The U.S. president offered the Japanese a means of escaping from the rain of American B-29 bombers that would soon be unleashed. Roosevelt would agree to a conditional surrender that called for a withdrawal from all those possessions the Japanese had taken after December 7, 1941.

Since Tojo’s removal after the Saipan disaster, Japanese peace advocates within Emperor Hirohito’s government had sought a means of saving the country and the Emperor’s dynasty while preserving their country’s honor. Kurita’s victory had provided them with that opportunity. Not only was the Emperor allowed to retain his throne, but Japan was able to retain control of its possessions in Indochina, Manchuria, and most of China.

On November 2, 1944, Roosevelt announced to a jubilant American public that the Japanese had agreed to surrender all of the territory conquered after the attack on Pearl Harbor. After giving his unprecedented fourth inaugural speech on Saturday, January 20, 1945, Roosevelt returned to the Oval Office to celebrate. Piled upon his desk was a stack of the customary congratulatory telegrams from governments across the globe. He thought it particularly ironic that at the bottom of the stack was a letter of congratulations from Emperor Hirohito.

The four main actions in the battle of Leyte Gulf: 1 Battle of the Sibuyan Sea 2 Battle of Surigao Strait 3 Battle of (or ‘off’) Cape Engaño 4 Battle off Samar. Leyte Gulf is north of 2 and west of 4. The island of Leyte is west of the gulf.

The Reality

Soon after departing Brunei, the Japanese plans began to come apart. On October 23, Admiral Kurita’s flagship was sunk as it was steaming past the Palawan passage, and throughout October 24 his ships, lacking any air cover, were battered by Halsey’s airplanes. Meanwhile, as described previously, Kinkaid destroyed Nishimura’s force on the evening of October 24—25.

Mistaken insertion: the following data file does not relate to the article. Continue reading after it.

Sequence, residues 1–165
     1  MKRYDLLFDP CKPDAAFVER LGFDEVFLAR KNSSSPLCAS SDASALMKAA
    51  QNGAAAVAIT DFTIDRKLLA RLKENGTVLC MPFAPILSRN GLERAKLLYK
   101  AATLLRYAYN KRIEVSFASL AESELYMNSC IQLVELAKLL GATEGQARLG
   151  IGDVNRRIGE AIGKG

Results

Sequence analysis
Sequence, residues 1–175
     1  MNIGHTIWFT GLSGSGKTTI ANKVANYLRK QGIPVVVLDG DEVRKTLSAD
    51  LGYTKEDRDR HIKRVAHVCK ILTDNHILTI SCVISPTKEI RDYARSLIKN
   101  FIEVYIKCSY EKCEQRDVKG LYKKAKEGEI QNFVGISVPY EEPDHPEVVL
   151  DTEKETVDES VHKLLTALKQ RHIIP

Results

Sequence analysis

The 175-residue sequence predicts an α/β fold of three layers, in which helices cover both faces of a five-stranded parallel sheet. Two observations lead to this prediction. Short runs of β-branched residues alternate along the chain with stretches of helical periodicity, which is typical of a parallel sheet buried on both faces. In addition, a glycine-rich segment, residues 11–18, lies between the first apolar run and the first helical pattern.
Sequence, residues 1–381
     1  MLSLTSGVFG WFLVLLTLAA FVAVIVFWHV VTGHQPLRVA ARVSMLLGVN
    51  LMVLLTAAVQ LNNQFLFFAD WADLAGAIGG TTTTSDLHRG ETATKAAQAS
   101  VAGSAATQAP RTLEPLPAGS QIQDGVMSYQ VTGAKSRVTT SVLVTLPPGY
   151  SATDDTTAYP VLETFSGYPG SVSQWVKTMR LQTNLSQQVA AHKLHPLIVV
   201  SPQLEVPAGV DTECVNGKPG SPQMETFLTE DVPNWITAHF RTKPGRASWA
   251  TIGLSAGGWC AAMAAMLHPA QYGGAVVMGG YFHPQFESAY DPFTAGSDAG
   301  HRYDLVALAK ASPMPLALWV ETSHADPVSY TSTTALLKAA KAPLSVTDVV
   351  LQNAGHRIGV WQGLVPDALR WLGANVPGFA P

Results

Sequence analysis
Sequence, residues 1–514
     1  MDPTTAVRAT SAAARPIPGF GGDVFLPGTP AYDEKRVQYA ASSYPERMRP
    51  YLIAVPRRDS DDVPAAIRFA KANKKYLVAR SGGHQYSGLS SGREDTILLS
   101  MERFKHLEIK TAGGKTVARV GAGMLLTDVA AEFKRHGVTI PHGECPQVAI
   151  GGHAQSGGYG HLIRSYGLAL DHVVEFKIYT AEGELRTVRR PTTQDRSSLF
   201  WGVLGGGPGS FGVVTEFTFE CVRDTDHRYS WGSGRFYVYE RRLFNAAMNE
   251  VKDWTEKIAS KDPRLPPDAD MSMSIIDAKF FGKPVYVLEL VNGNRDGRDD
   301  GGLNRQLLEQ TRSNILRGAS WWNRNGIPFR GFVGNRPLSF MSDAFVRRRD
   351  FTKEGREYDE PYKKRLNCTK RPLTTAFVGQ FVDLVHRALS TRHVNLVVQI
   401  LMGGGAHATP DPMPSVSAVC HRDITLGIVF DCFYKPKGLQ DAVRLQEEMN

Believing that he had sufficiently damaged Kurita’s force on October 24, Halsey steamed northward against Ozawa, leaving the San Bernardino Strait unprotected. Despite the battering the Japanese received on their way to the strait, the absence of Task Force 34 meant that only Sprague’s escort carriers remained between Kurita and Leyte Gulf. In one of the finest displays of courage in the history of the U.S. Navy, the sailors and airmen of Taffy-3 put up a desperate defense against Kurita. Despite the odds against them, Taffy-3’s planes—joined later by the pilots of Taffy-1 and Taffy-2—were able to launch a series of desperate attacks against Kurita. Lacking torpedoes, some planes made dummy bombing runs while others dropped bombs meant for Japanese army units on Leyte. Meanwhile, the destroyer escorts of Taffy-3 launched determined torpedo attacks against Kurita, sank Chokai and Chikuma, and drove off Yamato. So determined were the American attacks that at 0915 Kurita called off his own attack and, at 1236, on the verge of scoring a great victory, turned his ships around and headed back through the San Bernardino Strait. Despite all the damage he had suffered, if Kurita had kept his nerve for just a little while longer, there is every reason to believe he could have sailed into Leyte Gulf and inflicted the damage described previously.

As Taffy-3 fought for its life, Halsey began a series of attacks against Ozawa. By the end of the day the 3rd Fleet had sunk all of the Japanese carriers. By every estimate, the Battle of Leyte Gulf had been a total disaster for the Japanese. While the Americans escaped with the loss of only three light carriers and three destroyer escorts, the Japanese lost three battleships, four carriers, ten cruisers, and nine destroyers. They also lost any chance of stopping the relentless Allied advance on the home islands.


Cannon, M. Hamlin, Leyte: The Return to the Philippines (Department of the Army, Washington, D.C., 1993).

Cutler, Thomas X, The Battle of Leyte Gulf: 23-26 October 1944 (Harper, New York, 1994).

Humble, Richard, Japanese High Seas Fleet (Ballantine, New York, 1973).

Morgan, Ted FDR: A Biography (Simon and Schuster, New York, 1985).

Morison, Samuel Eliot, Leyte, June 1944-January 1945 (Little, Brown, Boston, 1971).

Nalty, Bernard (ed.), War in the Pacific: Pearl Harbor to Tokyo Bay (University of Oklahoma Press, Oklahoma, 1991).

Spector, Ronald H., Eagle Against the Sun: The American War Against Japan (Free Press, New York, 1985).

Steinberg, Rafael, Return to the Philippines (Time Life, Alexandria, 1980).